These rules should concern anyone who cares about freedom of expression, as they involve limitations on European uses of online platforms. European policymakers have good faith reasons to advocate them, such as countering rampant abuse at a time of human dislocation, political instability, and rise of far-right parties. Yet the tools used often risk overregulation, incentivizing private censorship that could undermine public debate and creative pursuits. Companies may be forced into the position of facilitating practices that undermine their customers’ access to information. Europeans should be concerned, as many are.
Why should anyone else care? In the analog era, after all, a fair response in the United States to speech regulation across the pond (or anywhere else) might have been: that’s the way they do it in Europe. They have different experiences, giving some support (if very limited) to rules that U.S. courts would never permit—such as those against Holocaust denial or the glorification of terrorism.
But online space is different. All of the major companies operate at scale, and there is significant risk that troubling content regulations in Europe will seep into global corporate practices with an impact on the uses of social media and search worldwide. The possibility of global delinking of search results may be the most obvious form of content threat, but all of the rules and proposals noted above may slowly move to undermine freedom of expression. For instance, once a company invests the considerable funding required to develop sophisticated content filters for European markets, the barriers to applying them in American contexts are likely to come down.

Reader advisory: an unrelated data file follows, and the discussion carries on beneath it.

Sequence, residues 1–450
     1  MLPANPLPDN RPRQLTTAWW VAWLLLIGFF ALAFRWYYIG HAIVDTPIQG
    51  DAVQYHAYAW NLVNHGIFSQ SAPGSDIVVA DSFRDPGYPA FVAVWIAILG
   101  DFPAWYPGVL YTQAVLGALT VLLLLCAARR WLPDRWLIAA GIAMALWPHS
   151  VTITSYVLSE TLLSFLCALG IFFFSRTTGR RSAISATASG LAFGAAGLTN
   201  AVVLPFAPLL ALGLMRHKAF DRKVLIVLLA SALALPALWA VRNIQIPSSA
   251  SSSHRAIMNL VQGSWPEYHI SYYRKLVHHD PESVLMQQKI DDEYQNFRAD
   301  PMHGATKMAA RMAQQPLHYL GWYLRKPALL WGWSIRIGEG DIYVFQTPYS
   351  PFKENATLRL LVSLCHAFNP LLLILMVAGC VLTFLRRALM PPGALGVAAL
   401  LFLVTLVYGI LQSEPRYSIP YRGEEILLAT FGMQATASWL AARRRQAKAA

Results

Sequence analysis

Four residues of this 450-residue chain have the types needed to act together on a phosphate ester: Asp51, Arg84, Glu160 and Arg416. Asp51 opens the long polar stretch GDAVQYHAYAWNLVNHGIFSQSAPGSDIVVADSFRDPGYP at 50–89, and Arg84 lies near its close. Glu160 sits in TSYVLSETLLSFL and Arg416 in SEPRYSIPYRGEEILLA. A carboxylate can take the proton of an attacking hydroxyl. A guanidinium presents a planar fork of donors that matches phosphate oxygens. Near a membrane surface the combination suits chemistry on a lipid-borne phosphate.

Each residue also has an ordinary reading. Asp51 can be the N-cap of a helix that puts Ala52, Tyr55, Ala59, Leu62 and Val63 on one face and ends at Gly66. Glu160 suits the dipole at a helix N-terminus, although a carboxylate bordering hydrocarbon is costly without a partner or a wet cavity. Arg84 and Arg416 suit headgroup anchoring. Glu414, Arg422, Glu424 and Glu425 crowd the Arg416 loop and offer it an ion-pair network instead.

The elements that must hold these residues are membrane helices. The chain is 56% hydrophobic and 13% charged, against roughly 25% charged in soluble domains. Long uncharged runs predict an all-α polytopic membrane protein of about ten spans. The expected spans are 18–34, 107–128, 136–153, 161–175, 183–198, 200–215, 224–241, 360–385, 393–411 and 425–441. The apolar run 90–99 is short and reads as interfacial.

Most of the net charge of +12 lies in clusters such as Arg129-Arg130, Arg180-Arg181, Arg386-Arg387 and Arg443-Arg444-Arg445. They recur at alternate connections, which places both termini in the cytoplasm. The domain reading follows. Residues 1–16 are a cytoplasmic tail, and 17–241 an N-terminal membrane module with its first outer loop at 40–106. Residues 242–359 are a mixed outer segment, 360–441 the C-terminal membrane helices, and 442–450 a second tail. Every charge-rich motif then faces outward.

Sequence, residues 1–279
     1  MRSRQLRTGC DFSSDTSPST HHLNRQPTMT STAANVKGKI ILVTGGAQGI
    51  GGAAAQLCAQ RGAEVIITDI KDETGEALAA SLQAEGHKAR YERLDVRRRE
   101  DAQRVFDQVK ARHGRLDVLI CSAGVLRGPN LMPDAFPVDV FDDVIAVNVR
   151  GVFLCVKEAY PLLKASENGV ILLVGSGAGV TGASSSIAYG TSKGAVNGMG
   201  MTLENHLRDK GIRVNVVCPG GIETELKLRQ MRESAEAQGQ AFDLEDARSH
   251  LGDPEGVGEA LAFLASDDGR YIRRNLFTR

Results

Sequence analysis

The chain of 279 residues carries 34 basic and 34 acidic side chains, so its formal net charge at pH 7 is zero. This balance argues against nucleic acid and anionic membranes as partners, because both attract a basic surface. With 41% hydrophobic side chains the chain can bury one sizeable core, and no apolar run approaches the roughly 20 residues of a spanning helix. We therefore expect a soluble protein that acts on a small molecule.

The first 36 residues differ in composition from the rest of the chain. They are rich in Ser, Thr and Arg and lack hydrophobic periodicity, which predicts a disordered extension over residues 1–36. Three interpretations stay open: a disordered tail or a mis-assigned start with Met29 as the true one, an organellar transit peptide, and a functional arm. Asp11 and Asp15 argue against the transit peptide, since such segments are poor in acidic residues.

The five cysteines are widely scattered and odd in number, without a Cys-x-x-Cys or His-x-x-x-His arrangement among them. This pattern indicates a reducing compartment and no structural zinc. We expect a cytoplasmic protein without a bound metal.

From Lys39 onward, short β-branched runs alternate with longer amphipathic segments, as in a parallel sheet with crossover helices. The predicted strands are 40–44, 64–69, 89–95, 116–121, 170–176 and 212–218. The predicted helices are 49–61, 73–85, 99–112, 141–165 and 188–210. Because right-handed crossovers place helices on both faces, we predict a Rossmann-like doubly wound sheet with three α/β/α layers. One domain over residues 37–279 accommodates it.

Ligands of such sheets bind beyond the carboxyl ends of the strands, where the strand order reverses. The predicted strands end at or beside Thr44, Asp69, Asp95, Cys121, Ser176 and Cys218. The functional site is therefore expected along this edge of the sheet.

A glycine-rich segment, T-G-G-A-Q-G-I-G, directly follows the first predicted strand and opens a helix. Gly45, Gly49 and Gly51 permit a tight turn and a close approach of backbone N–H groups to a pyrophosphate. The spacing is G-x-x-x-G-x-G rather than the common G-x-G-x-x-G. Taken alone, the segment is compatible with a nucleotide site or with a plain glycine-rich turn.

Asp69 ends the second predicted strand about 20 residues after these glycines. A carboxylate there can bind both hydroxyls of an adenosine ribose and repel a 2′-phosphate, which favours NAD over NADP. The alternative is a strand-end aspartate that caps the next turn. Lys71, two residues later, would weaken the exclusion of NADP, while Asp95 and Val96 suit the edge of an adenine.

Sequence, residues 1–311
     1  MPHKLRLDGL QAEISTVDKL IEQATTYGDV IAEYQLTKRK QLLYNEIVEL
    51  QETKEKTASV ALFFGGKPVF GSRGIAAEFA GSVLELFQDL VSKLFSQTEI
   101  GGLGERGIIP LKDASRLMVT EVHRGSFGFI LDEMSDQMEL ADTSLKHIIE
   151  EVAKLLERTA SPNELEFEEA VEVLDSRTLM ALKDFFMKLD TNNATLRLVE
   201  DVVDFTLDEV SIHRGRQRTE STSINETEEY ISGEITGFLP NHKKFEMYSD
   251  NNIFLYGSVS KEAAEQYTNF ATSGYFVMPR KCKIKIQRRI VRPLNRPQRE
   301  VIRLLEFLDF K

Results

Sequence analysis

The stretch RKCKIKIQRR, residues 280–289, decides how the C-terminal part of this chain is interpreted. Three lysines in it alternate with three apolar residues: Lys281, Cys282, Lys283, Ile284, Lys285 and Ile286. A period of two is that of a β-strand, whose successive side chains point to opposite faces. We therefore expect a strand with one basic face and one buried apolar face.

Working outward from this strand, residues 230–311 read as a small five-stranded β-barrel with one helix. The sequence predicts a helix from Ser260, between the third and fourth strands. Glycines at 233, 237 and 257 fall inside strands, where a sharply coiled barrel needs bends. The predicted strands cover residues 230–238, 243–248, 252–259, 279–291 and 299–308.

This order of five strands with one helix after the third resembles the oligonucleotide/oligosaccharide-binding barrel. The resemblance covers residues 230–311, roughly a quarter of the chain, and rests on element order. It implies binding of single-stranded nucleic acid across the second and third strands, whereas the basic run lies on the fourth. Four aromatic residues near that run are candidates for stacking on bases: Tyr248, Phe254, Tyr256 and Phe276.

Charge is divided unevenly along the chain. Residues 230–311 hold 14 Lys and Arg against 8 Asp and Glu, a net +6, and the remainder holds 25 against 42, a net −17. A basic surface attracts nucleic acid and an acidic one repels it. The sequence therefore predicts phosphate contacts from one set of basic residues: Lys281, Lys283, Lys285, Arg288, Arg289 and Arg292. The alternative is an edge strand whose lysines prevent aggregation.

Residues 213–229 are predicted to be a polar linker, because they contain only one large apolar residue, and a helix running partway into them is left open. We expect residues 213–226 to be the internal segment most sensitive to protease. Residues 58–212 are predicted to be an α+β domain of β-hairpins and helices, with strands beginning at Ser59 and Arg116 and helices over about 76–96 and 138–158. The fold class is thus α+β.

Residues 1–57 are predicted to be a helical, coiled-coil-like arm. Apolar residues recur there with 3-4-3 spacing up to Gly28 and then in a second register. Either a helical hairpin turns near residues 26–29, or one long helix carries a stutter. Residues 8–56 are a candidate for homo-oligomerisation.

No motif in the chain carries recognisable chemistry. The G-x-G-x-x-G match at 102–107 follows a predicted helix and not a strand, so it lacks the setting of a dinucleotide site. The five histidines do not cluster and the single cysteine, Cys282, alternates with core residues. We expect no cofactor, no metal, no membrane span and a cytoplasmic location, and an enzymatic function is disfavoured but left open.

To be clear, global attacks on online freedom of expression are severe. Illiberal governments around the world are imposing liability on individuals for posts and tweets and blogs that merely criticize public authorities or allegedly spread false information. That kind of regulation, a popular tool of repressive states, creates direct forms of censorship and individual harm. By contrast, European states have traditionally presented a protective environment for freedom of expression, with some—Scandinavian countries setting a model example—providing the strongest protection worldwide.
These are not easy policy questions. Companies themselves should be developing approaches—and many now are—to counter abuse that often successfully aims to push people, especially women and minorities, off the platforms. Those approaches should be rooted in the common standards of human rights law. Companies should be providing easy access to flagging tools to notify harassment quickly and be transparent about their processes for takedowns and be responsive when they get it wrong.
Governments should encourage these kinds of responsible steps by companies, just as many in civil society are doing, while avoiding the stiff penalties and the outsourcing of speech regulation that have been recent hallmarks of European responses to Internet harms. When they demand takedowns, their courts should be available for parties to appeal.
The proposals above, however, risk leading to a shrinking of space in the most important forums for expression available in history. They will be hard to contain in practice, principle, or in terms of geography. To the extent that they involve outsourcing adjudication to private actors, they limit the possibility of democratic accountability. They should be reconsidered, limited, and enforced through the traditional tools of the rule of law.